eyeMatters periodic news

Bringing you the latest news & resources in eye health

"*" indicates required fields

This field is for validation purposes and should be left unchanged.

Article Article

15 things you need to know about cataract surgery

Dr Alex Ioannidis


15 things you need to know about cataract surgery – Cataract operation in progress

1. When should I have my cataract operated on?

Traditionally, cataract surgery has been performed when the patient starts to experience vision loss. However, we now also take into account subtle changes to vision, such as loss of contrast sensitivity and loss of colour perception. You may notice that colours are faded and dull, and also that you have trouble seeing in low-contrast situations (e.g. at night). These are early signs that the cataract is having an effect on your vision and you may want to consider surgical removal.

2. Does my cataract need to be mature to have it removed?

That was the case in the past when cataracts had to be removed in one piece. Now, we use ultrasound and laser technology to break the cataract into smaller pieces for removal – this means it is better if the lens is softer (i.e. immature) to aid the fragmentation process. In fact, the length of the patient’s surgery and recovery are both shorter if the cataract is immature when operated on.

3. Is the operation painful?

Cataract surgery is not at all painful. Most patients describe a mild sensation of pressure around the eye. In some cases, we may use local anaesthesia (administered via eye drops) or perform a small anaesthetic block around the eye.

I have previously published a scientific paper investigating the levels of pain and light sensitivity during cataract surgery, and the majority of patients did not find the operation particularly painful or distressing.1

We also have the option to offer patients a general anaesthetic if they prefer to be asleep during the procedure or if there are other medical issues that need to be taken into account (e.g. patients with tremors who cannot lie flat for ten minutes).

4. How long after cataract surgery do I have to wait before driving?

Most patients can drive within 48 hours after the operation – the general advice is that they can start driving when they feel comfortable doing so. It is a good idea to avoid driving long distances in the first week, as the eye will feel strained after the surgery.

I also recommend wearing sunglasses to minimise the effect of sensitivity to bright lights and sunlight.

5. When can I resume my regular chores, like cooking or gardening?

Most patients can resume normal housework such as cooking and gardening within a day or so after having a cataract extraction – it is really up to the individual. However, take care to avoid irritating your eye after it has been operated on (e.g. with dirt or dust, in windy conditions).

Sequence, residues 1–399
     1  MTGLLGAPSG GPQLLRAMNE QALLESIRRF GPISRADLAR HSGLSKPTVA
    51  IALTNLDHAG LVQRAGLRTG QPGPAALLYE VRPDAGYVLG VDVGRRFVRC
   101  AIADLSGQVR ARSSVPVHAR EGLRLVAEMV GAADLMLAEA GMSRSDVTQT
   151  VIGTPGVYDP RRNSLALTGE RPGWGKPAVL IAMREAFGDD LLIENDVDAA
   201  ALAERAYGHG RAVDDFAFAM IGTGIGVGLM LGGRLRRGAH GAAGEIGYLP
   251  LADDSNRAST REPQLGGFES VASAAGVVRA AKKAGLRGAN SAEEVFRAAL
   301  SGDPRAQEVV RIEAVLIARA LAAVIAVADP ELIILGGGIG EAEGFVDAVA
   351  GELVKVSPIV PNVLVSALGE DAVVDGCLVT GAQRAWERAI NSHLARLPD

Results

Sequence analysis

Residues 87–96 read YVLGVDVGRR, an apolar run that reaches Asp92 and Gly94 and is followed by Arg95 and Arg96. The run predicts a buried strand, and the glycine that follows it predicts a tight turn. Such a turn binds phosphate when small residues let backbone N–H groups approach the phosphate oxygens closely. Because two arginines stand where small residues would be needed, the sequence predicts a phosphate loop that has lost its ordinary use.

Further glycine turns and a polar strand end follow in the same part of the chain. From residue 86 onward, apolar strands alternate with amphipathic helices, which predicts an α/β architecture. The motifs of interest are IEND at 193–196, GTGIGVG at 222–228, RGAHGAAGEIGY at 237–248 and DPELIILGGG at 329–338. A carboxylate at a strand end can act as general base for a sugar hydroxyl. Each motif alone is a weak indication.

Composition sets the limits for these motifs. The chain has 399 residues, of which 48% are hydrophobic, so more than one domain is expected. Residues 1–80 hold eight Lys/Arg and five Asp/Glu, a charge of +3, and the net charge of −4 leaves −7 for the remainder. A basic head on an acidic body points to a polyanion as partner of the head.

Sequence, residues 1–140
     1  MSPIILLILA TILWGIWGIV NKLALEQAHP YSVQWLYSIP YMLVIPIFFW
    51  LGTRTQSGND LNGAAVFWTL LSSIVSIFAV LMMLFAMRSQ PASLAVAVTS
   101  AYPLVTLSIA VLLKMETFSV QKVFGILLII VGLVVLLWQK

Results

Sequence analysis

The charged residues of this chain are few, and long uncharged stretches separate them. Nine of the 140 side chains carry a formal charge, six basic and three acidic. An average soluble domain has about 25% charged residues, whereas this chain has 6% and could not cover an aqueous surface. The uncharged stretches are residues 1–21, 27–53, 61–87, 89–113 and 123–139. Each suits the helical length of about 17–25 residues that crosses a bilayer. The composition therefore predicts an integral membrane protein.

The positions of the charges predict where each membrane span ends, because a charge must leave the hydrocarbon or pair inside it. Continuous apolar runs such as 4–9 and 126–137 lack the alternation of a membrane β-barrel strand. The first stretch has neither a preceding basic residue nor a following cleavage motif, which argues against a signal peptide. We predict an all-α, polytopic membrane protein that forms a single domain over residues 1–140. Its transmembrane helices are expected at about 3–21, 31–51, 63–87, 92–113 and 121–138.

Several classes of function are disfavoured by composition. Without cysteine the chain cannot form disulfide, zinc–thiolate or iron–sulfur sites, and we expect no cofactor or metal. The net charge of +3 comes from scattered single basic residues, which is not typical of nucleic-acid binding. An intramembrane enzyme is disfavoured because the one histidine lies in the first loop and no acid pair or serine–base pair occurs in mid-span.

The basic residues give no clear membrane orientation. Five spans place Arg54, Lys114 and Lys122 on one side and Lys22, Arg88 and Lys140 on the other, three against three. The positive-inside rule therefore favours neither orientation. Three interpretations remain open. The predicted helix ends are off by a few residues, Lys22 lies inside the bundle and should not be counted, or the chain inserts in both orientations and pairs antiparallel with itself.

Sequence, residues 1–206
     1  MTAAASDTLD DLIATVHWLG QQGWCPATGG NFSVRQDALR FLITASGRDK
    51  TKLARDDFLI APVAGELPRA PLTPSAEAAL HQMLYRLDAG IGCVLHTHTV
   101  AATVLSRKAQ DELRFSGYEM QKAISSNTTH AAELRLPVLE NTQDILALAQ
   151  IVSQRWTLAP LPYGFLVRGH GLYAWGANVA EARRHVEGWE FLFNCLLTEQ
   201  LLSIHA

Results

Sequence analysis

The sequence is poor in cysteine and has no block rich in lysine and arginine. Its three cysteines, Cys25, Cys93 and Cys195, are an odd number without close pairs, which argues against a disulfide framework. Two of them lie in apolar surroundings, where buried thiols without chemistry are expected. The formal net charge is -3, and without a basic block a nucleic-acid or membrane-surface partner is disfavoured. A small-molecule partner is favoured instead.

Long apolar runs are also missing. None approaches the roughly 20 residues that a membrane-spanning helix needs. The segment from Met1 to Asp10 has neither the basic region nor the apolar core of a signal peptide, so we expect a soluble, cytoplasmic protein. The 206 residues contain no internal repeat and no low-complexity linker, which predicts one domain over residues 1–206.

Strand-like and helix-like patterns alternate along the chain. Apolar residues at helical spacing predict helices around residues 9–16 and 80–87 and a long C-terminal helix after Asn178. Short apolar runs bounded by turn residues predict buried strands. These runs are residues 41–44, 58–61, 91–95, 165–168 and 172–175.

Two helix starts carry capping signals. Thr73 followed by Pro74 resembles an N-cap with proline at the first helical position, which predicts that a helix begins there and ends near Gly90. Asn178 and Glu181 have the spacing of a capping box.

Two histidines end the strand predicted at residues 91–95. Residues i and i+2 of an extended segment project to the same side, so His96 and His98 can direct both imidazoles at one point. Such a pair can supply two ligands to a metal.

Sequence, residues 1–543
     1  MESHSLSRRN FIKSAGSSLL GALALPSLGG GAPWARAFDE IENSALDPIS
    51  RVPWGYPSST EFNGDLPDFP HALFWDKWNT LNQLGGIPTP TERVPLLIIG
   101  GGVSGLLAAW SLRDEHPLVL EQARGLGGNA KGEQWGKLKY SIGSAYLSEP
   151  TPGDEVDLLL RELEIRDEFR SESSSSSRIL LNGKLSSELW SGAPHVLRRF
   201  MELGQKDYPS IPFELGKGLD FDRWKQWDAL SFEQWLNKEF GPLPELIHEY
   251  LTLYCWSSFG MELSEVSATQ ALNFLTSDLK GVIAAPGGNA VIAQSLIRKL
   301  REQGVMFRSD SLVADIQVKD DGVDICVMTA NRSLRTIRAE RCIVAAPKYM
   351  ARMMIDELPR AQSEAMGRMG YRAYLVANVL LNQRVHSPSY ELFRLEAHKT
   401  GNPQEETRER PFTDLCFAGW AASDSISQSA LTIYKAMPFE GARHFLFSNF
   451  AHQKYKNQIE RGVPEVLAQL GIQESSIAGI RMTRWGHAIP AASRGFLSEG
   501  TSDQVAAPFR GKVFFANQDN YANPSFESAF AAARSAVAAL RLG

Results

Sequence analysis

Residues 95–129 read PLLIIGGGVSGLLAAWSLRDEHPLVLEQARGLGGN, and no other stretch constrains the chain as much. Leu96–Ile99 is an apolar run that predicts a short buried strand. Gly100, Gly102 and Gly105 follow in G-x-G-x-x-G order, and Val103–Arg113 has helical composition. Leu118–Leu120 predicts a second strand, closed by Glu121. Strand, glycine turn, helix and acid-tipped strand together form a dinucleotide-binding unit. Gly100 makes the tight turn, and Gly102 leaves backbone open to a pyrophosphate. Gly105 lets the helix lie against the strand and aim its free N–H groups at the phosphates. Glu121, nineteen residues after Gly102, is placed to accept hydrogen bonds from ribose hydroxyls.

I also recommend avoiding heavy lifting and vigorous household duties for the first week after your cataract operation.

6. When can I go swimming or resume going to the gym?

As a general rule, it is best to avoid swimming for the first month after surgery to reduce the risk of infection. The problem is that pools are often full of viruses and germs that can infect the eye in the immediate post-operative period. Heavy gym workouts are also generally not recommended for the first week. There is no issue with gentle treadmill use or walking.

7. When will I see the results of the cataract surgery?

The visual results of a cataract operation are almost immediate in most cases. However, not all patients and cataracts are the same, so some patients may take longer than others to notice a change.

Be aware that your vision will tend to fluctuate as the eye heals following the surgery but will generally stabilise within one month for most patients. If you have a co-existing medical condition such as diabetes, you may experience delayed healing following a cataract extraction.

8. My friend had her cataract removed and she does not wear glasses anymore. How is that possible?

There are a number of options available to correct presbyopia during cataract surgery. We now have multifocal intraocular lenses (IOLs) that give us the option to correct distance and near vision, while the latest lenses (trifocal IOLs) correct vision at far, intermediate and near distances. Trifocal IOLs are the lens of choice if your goal is to be as independent of glasses as possible – some patients can get rid of their glasses completely with trifocal IOLs.

Alternatively, monovision lenses can allow one eye to be set for distance vision and the other for near vision (known as blended monovision), or you can have both eyes set for distance vision and still use a pair of reading glasses. It all depends on your specific needs and the state of your eyes. It’s important that you understand the advantages and disadvantages of each option prior to the surgery taking place.

9. I have astigmatism – can this be cured?

Astigmatism is a refractive error that occurs if the cornea or lens of the eye has an irregular curve. People with astigmatism have blurry vision because the light rays do not focus at one point on the retina at the back of the eye. Astigmatism can also occur with shortsightedness or longsightedness.